Scott Washam remembers Deborah Avans Peek who recently died from cancer
[Mobile, Alabama, March 22, 2018] – “Life is too short<‘ is a cliché we hear too often after the news of loved ones passing away from this life into eternity. You know, it’s been said there are 86,400 seconds, 1,440 minutes and 24 hours in one day, yet we are not guaranteed the next breath from our lungs.
At the young age of 52, Section, Alabama native, Deborah Avans Peek took her final breath. She is survived by her husband, Chris Peek; sons, Adam Trotman and Michael Peek; stepson, Cruze Peek; daughters, Tabitha Clark and Erica Shepherd (Jason); grandsons, Brady Clark, Aiden Clark, Kendrick McAnally, and Ashton Trotman; granddaughters, Pruedence Shepherd, Harmony Shepherd, and Gracelynn Martin; mother, Mae Avans.
‘Deb’, as her friends knew her, was born in Chicago but moved to Alabama after being adopted at a very young age. She started singing even before she really started walking. She knew God’s calling was on her life. In 2008, Deb released her first project called “Living In The Rain,” which was well-received by listeners. But her ministry came to a fork in the road in September, 2013, after being diagnosed with breast cancer.
After having a double mastectomy, twenty-eight radiation treatments, twelve rounds of chemotherapy and five surgeries, Deb was cancer free. In celebration, she recorded another project named “This Is The Day,” which included her hit song, “Blessed.” After only two weeks out, her single “Blessed” charted at number one. It was clear to see that Deb was on her way.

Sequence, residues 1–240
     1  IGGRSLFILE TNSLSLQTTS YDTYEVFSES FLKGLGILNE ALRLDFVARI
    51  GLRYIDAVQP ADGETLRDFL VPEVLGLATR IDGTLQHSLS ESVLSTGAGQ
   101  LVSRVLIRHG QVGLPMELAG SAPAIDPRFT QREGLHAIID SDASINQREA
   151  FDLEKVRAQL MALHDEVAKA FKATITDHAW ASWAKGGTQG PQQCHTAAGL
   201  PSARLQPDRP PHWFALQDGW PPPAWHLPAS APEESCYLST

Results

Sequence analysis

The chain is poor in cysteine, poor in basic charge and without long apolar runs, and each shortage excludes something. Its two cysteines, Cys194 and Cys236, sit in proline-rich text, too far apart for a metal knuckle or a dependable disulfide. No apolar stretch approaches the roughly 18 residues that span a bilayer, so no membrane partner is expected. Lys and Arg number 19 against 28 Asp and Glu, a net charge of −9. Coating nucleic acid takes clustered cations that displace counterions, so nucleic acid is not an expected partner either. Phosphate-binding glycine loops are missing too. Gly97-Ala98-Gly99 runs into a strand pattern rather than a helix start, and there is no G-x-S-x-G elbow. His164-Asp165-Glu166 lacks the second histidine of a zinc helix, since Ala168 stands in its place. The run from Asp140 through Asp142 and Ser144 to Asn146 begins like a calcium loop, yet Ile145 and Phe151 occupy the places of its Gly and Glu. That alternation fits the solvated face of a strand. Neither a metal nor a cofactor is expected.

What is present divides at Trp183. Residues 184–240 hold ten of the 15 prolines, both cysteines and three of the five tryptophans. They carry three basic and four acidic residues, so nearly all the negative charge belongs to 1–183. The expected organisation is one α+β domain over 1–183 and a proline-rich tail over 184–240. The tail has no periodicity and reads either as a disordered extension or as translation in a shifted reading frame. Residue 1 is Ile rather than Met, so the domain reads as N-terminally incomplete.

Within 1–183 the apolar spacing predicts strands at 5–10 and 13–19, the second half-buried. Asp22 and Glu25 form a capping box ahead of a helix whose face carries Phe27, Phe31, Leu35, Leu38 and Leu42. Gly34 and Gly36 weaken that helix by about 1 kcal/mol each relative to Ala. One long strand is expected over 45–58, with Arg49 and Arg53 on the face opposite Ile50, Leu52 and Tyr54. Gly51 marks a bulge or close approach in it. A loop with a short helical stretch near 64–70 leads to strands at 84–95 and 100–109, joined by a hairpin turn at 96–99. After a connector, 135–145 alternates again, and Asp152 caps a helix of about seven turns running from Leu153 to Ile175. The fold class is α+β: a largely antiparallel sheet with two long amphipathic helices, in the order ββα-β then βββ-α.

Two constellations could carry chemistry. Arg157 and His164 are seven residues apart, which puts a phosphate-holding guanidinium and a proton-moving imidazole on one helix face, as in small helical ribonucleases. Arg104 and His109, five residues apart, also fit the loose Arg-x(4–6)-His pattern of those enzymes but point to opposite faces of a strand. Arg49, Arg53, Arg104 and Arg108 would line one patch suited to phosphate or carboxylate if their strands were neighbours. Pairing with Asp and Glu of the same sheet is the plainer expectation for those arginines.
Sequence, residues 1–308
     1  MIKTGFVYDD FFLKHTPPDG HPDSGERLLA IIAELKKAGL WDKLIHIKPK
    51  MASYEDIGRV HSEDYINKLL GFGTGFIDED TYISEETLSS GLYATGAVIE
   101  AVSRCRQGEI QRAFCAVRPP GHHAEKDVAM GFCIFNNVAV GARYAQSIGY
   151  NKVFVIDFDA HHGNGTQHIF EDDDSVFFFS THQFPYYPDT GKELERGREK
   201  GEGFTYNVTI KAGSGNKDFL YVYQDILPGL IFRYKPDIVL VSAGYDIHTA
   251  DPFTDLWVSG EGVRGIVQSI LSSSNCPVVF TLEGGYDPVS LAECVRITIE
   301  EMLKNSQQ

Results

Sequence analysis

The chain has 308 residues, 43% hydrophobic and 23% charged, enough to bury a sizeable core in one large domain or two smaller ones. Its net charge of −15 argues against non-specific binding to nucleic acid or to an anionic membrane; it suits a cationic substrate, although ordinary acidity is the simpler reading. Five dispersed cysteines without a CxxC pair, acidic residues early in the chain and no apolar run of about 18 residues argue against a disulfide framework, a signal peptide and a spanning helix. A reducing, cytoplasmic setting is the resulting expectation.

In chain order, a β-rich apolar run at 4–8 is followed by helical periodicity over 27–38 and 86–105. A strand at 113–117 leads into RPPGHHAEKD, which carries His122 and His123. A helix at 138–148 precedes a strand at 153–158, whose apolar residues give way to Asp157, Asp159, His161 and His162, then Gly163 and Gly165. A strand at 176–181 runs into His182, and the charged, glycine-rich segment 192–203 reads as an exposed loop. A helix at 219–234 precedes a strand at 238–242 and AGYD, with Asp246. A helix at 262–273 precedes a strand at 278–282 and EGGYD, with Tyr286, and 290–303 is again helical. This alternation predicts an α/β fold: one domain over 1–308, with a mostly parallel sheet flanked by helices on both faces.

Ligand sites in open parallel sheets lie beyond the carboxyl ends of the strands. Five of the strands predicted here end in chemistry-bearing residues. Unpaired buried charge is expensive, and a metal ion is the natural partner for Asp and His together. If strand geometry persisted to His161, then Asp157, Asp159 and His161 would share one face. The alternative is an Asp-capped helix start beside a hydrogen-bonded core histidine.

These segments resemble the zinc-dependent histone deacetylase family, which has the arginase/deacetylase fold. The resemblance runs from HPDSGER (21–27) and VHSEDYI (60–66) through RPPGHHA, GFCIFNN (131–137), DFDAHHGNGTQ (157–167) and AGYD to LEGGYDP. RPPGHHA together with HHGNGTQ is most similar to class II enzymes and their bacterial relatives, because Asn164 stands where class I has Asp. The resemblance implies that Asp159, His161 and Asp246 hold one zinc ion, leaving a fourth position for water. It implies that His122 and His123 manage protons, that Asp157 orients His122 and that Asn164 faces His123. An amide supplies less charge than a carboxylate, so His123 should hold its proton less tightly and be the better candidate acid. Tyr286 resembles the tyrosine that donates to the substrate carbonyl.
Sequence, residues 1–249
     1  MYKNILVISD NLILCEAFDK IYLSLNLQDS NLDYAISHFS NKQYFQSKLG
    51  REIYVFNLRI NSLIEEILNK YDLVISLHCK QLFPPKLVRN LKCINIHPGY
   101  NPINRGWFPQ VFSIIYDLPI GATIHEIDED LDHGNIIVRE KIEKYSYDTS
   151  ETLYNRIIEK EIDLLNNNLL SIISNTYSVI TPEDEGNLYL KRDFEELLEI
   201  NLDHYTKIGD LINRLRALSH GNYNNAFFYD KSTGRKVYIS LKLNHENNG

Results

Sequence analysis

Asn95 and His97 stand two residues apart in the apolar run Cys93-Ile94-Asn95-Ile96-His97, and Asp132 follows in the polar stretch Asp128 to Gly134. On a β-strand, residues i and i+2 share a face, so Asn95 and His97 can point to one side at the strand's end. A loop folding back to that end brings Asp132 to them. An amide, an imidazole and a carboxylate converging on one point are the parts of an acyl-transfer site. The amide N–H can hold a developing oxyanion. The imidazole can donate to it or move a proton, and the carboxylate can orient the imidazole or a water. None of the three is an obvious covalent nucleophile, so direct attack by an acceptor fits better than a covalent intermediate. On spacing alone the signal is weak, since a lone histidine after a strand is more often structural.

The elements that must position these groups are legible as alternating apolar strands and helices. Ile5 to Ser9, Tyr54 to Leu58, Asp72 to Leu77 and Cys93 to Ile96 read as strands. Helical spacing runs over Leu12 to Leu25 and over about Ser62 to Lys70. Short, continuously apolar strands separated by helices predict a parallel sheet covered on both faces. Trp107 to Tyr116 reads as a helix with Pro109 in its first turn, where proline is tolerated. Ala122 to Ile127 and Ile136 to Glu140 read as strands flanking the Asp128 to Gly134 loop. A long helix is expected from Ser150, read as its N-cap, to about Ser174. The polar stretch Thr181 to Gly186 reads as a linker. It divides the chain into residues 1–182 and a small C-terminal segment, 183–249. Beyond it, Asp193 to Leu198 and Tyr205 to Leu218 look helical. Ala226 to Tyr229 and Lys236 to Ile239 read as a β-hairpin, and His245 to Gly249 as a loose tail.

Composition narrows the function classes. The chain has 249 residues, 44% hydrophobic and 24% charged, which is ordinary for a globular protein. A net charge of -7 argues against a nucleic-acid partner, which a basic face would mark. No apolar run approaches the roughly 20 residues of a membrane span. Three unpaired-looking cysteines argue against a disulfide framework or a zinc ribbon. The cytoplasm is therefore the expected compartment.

But on June 2, 2017, which happened to be 2017 Cancer Survivor Day at the Cancer Center in Huntsville, Alabama, Deb’s recent scans proved shocking news. Her cancer had returned, this time in her bones. This was stunning, unexpected news. It was shortly after this time that I actually got to meet Deb in person.
She was the best of the best, which is where the title of this tribute comes in. You see, I was a drum major in the band at Jones County Junior College in Ellisville, Mississippi, and one of the final commands we gave before calling the band to attention was simply yelling out, “How are your eyes?” The band would then yell back, ” With pride!” It meant being in the moment, being proud and having pride in what we were doing.
Not too long after our initial meeting, I remember having a conversation with her. She talked about the things God was doing in her life and how he was using her ministry to restore broken homes and marriages. She was proud. God was fulfilling her call. She talked to me about her grandkids – they were her life. She was proud.
I was able to speak with Adam Trotman, her son, and he shared a few thoughts and a video with me. You could almost hear it in his voice as we spoke. He was proud of his momma, and he should be. He shared that in the final hours of Deb’s life she was surrounded by her kids and grandkids in her home. She was able to hold Adam’s newborn baby one more time.
Very shortly after this moment, Deb took her final breath and slipped peacefully into the loving arms of a Savior that was proud of her.
I know in my heart if I could talk to Deb one more time, I’d ask, “Deb, how are your eyes?” and she’d reply, “With pride!”
By Scott Washam
Scott Washam is an occasional contributor to SGNScoops and is also a member of Gospel music artists, Day Three.
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